I love the awkward pauses, the co-workers ranging from uncomfortable to obstinate to just plain awful and the constant true-to-life tediousness. I love “The Office.” But it should have ended last season. It’s had an outstanding seven-season run, receiving multiple award nominations and earning several wins. It’s one of the signature comedy shows of our time.
But there is a point when a series should naturally come to an end. Steve Carell’s decision to leave should have been the logical conclusion of the show. After seven seasons with Michael Scott in the boss’s seat, the series can’t expect to be the same without him.
I’ve got nothing against James Spader (“Boston Legal”), and I expect he’ll do an adequate job as Robert California, the newest cast member. But he’ll never come close to Michael Scott, that’s a given. Michael was the heart of the show, the blundering patriarch of the Scranton branch family. Though “The Office” can boast an exceptional ensemble cast, it was Michael Scott’s endearing foolishness that made the series so successful in the first place.
Granted, there have been a number of lows in the series’s history, even with Carell on board. The series’s success lies in its ability to brilliantly express the monotony of daily life in an office — the trick is keeping the audience interested while continually creating new wit and humor. Season five fell into a bit of a slump. Unfortunately, season six proved more of the same, ultimately coming off flat. It seemed “The Office” was on a permanent downward slope.
Season seven was a revelation, especially for longtime “Office” fans. The send-off for Michael spawned some of the best episodes yet (we’ll forget about Will Ferrell’s completely lackluster guest appearance). It seems knowing it was the last season of Michael Scott shook up the office and breathed new life into the show.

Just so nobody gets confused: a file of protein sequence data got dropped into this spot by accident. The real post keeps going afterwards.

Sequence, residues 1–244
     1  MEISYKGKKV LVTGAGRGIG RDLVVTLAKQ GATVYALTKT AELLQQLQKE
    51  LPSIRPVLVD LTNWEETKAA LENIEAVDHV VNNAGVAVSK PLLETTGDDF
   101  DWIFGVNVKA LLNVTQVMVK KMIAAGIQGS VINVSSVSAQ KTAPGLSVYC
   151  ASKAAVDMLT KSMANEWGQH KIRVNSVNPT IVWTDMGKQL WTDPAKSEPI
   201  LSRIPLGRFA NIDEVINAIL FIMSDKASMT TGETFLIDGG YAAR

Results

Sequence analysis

Yet there’s simply a point where it starts to get old. The ultimate success of season seven arose from the uncertain future — Michael leaving gave the show a renewed focus. I miss the freshness of previous seasons, especially the second and third. Jim’s (John Krasinski) pranks on Dwight (Rainn Wilson), crazy Jan Levenson (Melora Hardin), Michael’s utter lack of tact.
The original British version avoided the slump by only airing 14 episodes. It’s one of the reasons the original was so brilliant, exposing the tedium while still bringing something new to the table with each episode. The American adaptation just hasn’t been able to remain as innovative as it once was. True, the more recent seasons have their high points, but it’s just not the same. I’d hate to watch the series I’ve grown to love end up stuck in a rut for its duration.
Though Carell’s motivations for leaving are questionable (considering the success of “The Office” launched him into A-list territory in the first place), his departure still leaves the series without its front-runner. And while the remaining cast members are talented and capable of continuing without Michael Scott, it doesn’t mean they should. The series could have taken the opportunity to bow out on a triumphant note, yet it seems determined to forge ahead without Carell.
And I’ll be the first to admit, I’m probably still going to watch season eight. The Michael Scott-less finale of season seven was admittedly entertaining, though it relied too heavily on the multitude of guest stars. It’s a toss up whether season eight can maintain the quality that I’ve come to expect from “The Office.” Suffice it to say, even if it succeeds, it won’t ever be the same.